“I hope you like Brahms...” said a slightly sheepish Nicola Benedetti in a disarmingly direct, personal introduction to her solo recital with regular piano partner Alexei Grynyuk. That’s the music she had planned, anyway, and plenty of it: all three of the composer’s violin sonatas, back to back. It felt like a strangely heavy-going, single-focus programme for such an intimate, involving evening.
Nicola Benedetti & Alexei Grynyuk ****
Queen’s Hall, Edinburgh
The duo’s performances, however, were gloriously contrasting. Benedetti seemed almost to sob in her tremulous lines in the First Sonata, pitched uncannily between joy and tragedy, and she found a towering muscularity in a full-throttle, no-holds-barred Third Sonata, matched by Grynyuk’s steely pianism. They were expert, too, in conveying the architectural scope of the breezier Second Sonata. There were occasional disagreements over ensemble, with both players finding their own ways of moulding Brahms’s melodies that didn’t always coincide. But in the end, that only added to the spontaneity and sincerity of their accounts.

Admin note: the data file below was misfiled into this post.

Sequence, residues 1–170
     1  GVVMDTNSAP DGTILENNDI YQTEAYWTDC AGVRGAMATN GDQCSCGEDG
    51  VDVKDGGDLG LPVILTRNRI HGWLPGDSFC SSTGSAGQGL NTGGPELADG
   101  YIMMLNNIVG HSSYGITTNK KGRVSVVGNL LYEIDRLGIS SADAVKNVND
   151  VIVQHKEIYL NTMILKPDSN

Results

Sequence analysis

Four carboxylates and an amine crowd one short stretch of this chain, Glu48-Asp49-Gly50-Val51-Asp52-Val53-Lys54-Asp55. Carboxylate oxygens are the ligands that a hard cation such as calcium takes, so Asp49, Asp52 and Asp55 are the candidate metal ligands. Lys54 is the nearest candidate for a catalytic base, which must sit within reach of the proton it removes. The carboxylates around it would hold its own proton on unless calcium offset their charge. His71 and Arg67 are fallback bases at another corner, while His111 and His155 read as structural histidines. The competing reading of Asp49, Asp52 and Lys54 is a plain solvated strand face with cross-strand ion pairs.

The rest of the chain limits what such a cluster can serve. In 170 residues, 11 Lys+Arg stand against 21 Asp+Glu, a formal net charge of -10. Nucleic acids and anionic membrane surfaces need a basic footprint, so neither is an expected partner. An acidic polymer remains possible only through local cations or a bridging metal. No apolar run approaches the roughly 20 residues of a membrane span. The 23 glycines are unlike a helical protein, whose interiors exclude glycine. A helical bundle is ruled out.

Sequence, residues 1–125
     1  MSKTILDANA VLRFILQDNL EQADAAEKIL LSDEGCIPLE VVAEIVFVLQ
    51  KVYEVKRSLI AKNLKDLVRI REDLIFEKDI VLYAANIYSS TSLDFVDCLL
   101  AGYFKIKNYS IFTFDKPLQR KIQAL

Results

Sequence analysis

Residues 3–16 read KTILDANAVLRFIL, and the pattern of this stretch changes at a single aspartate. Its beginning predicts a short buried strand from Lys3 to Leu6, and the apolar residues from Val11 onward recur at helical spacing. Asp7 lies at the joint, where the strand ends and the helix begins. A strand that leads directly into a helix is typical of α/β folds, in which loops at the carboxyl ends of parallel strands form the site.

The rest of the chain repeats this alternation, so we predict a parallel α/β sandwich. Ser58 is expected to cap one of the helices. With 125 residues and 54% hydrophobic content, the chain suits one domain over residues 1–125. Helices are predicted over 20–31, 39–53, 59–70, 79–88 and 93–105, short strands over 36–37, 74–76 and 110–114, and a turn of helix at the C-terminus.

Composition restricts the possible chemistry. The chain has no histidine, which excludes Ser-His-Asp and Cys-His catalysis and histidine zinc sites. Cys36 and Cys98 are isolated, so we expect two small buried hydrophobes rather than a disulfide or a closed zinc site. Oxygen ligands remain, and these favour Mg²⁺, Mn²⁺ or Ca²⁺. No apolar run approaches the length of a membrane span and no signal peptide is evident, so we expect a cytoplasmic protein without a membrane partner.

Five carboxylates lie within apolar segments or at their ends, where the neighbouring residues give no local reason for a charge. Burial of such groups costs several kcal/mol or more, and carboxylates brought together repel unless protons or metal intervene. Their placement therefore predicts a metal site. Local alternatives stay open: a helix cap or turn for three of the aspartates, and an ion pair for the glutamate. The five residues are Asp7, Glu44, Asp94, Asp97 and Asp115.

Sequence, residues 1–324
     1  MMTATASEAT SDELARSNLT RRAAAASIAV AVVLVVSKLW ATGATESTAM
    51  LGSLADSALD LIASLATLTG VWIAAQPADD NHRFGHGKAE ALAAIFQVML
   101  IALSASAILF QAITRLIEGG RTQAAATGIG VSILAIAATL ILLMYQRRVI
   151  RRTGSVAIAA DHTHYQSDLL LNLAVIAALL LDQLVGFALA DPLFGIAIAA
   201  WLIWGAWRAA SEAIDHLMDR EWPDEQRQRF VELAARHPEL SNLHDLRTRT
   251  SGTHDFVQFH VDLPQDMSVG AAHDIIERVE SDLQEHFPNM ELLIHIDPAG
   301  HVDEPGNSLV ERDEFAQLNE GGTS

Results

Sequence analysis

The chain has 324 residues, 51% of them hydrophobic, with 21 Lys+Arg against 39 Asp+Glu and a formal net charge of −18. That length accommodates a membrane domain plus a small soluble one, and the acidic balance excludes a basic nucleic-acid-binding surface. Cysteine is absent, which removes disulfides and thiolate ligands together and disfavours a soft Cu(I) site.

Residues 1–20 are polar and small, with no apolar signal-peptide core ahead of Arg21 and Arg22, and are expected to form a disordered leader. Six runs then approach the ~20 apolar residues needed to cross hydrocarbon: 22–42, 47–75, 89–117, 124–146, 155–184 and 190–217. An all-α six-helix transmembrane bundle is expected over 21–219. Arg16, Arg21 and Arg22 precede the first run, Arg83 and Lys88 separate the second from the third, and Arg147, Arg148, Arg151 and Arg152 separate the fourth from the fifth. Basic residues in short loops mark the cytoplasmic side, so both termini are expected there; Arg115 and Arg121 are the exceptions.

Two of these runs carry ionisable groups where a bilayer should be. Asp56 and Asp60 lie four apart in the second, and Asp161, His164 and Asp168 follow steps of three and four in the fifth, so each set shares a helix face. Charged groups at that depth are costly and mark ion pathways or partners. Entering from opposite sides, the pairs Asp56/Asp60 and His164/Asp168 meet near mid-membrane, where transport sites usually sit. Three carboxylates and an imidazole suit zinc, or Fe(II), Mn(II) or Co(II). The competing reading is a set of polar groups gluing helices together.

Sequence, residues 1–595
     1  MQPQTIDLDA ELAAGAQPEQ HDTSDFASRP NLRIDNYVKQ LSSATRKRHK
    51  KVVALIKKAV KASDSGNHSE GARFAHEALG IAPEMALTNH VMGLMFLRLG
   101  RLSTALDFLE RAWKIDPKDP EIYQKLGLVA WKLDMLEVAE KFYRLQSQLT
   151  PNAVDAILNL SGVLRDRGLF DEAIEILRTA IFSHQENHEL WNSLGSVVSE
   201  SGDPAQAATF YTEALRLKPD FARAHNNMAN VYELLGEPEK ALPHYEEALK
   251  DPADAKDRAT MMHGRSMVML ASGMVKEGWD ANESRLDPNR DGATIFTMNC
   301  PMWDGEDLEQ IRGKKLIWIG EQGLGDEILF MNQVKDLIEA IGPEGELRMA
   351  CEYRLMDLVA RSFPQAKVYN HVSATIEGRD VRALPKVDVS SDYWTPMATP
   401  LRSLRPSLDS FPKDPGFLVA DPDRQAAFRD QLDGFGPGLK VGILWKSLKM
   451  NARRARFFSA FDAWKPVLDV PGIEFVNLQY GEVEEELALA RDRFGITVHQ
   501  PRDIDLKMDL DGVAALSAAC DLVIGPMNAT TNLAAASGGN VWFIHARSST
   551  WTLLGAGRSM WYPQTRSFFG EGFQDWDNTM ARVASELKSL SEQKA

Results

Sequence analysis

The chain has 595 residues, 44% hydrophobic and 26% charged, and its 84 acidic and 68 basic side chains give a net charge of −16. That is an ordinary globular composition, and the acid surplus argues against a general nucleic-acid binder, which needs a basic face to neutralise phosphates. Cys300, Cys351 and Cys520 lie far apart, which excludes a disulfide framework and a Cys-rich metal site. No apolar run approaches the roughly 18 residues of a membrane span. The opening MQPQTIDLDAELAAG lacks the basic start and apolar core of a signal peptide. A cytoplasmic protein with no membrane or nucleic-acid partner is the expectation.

What made the evening really memorable, however, was Benedetti’s refreshing format: her chatty introductions to each piece, her personal but informed perspectives on the music, and a within-concert Q&A session that ranged from her studies to her beloved Strad. There might have been a bit too much emphasis on the ups and downs of Brahms’s biography – especially the ins and outs of his love life – at the expense of more solid musical concerns. But in terms of bringing listeners closer to the music, and to the pair’s experiences of rehearsing and performing it, it worked a treat.